A fresh set of Health Canada regulations that will require warning labels on individual cigarettes is set to come into effect on Tuesday.
The move, announced earlier this year, makes Canada the first country in the world to take that step in the ongoing effort to help smokers kick the habit and deter potential puffers from picking it up.
The wording that will eventually be on every cigarette, written in English and French on the paper around the filter, ranges from warnings about harming children and damaging organs to causing impotence and leukemia. “Poison in every puff,” cautions one.
The labels will dissuade teens leaning toward taking up the habit and push nicotine-dependent parents looking to fight it, predicted Rob Cunningham, a senior policy analyst at the Canadian Cancer Society.
Once the regulations take effect, manufacturers have until the end of July 2024 to ensure the warnings are on all king-size cigarettes sold, followed by regular-size cigarettes and little cigars with tipping paper and tubes by the end of April 2025.
“For youth who experiment by ‘borrowing’ a cigarette from a friend, it’s going to mean they will see the cigarettes — even if they may not see the package — where the warnings appear,” Cunningham said in a telephone interview. “It’s going to prompt discussion, including by smokers during smoke breaks: ‘What warning have you got today?’
“Often it’s kids who are urging their parents to quit, and this provides new information and messaging,” he said.
Dozens of studies in Canada and elsewhere show the effectiveness of printing warnings on each cigarette, Cunningham said.
Tobacco use continues to be one of Canada’s most significant public health problems and remains the country’s leading preventable cause of disease and premature death, then-health minister Jean-Yves Duclos said in a May 31 statement announcing the new warning labels.
About 15 to 20 per cent of patients with cancer are smokers at the time of diagnosis, with a higher percentage for certain types, such as lung cancer and head and neck cancers, said Dr. Lawson Eng, a medical oncologist at Toronto’s Princess Margaret Cancer Centre and assistant professor in the University of Toronto’s department of medicine.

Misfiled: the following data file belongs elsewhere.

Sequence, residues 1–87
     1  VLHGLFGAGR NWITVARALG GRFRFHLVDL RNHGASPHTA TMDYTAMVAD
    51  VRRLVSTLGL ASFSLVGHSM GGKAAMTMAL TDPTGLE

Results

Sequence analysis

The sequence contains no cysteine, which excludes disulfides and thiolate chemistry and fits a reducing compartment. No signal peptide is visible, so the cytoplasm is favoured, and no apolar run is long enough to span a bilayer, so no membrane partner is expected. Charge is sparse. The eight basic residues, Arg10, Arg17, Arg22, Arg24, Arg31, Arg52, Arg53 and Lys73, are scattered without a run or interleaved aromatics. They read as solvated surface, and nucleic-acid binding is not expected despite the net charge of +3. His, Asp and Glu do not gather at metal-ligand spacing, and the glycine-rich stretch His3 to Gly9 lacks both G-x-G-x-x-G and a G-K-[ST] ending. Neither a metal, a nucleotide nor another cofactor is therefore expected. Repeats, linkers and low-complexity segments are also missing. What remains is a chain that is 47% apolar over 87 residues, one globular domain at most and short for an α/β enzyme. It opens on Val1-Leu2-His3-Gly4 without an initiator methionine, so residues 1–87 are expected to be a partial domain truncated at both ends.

He couldn’t say “for sure” that the messaging will reduce rates, but he noted that past efforts have succeeded in tandem with other public health measures, such as including cessation strategies in cancer screening and care.
“I suspect it will likely continue to help with decreasing smoking prevalence and also help with encouraging people who are smoking to try to quit,” Eng said.
Tobacco advertising, promotion and sponsorship are banned in Canada, with warnings on cigarette packs dating back to 1972.
In 2001, Canada became the first country to require tobacco companies to print pictorial warnings on the outside of cigarette packages and include inserts with health-promoting messages.
More than 130 countries have followed suit, according to the Canadian Cancer Society.
Tobacco tax ‘hurts the wallet’
Not all smokers view the escalating warnings favourably.
“I don’t think that will really change much. A lot of people will continue to smoke,” said Giovany Lincourt. “When I see a photo of a black lung, it hits me, but I still continue because it’s a bad habit.”
The 40-year-old Montrealer, who sampled his first cigarette at age 16, said even higher taxes would make a better deterrent. A pack of 25 typically costs between $11 and $16, depending on the brand and province.
“It hurts the wallet, because it costs $400, $500 a month,” Lincourt said.
Blunt statements, including “Tobacco smoke harms children” and “Cigarettes cause cancer,” will be among the first six messages. A second set of six is expected to be printed on cigarettes in 2026. Organizations funded by tobacco companies have opposed the push toward stronger messaging, including the latest step.
The National Coalition Against Contraband Tobacco warned in June that cheaper, colourful black-market packs free of health warnings — federal rules ban packaging that includes brand colours or trademarks — attract young smokers and funnel more money to organized crime.
Much of the coalition’s funding comes from the Canadian Tobacco Manufacturers’ Council, made up of four of the biggest cigarette companies active in Canada: Rothmans, Benson & Hedges Inc., Imperial Tobacco Canada and JTI-Macdonald Corp.
While big tax hikes or outright sales bans would indeed benefit the black market, gradual price boosts and more strident messaging can bring down smoking rates, Cunningham said.
“The only real reason that they can oppose something is because it’s going to have a reduction in sales — and that is exactly the point,” he said of the manufacturers.
The Canadian Cancer Society and other advocacy groups are calling for a comprehensive strategy of beefed-up taxation, legislation and programming to bring down smoking rates — Health Canada’s goal is less than five per cent of the 15-plus population by 2035 versus 13 per cent as of 2020. Price promotions and flavoured products — allowed in some provinces — should be banned, Cunningham said.
In May, the Canadian Cancer Society, the Canadian Lung Association and the Heart and Stroke Foundation published an open letter to premiers of all 10 provinces saying they should push for efforts to reduce smoking during settlement negotiations with three major tobacco companies that they sued years ago to recoup health-care costs.
Provinces are collectively seeking $500 billion in damages, and the three advocacy groups said at least 10 per cent of the money from a settlement should go toward smoking cessation efforts.
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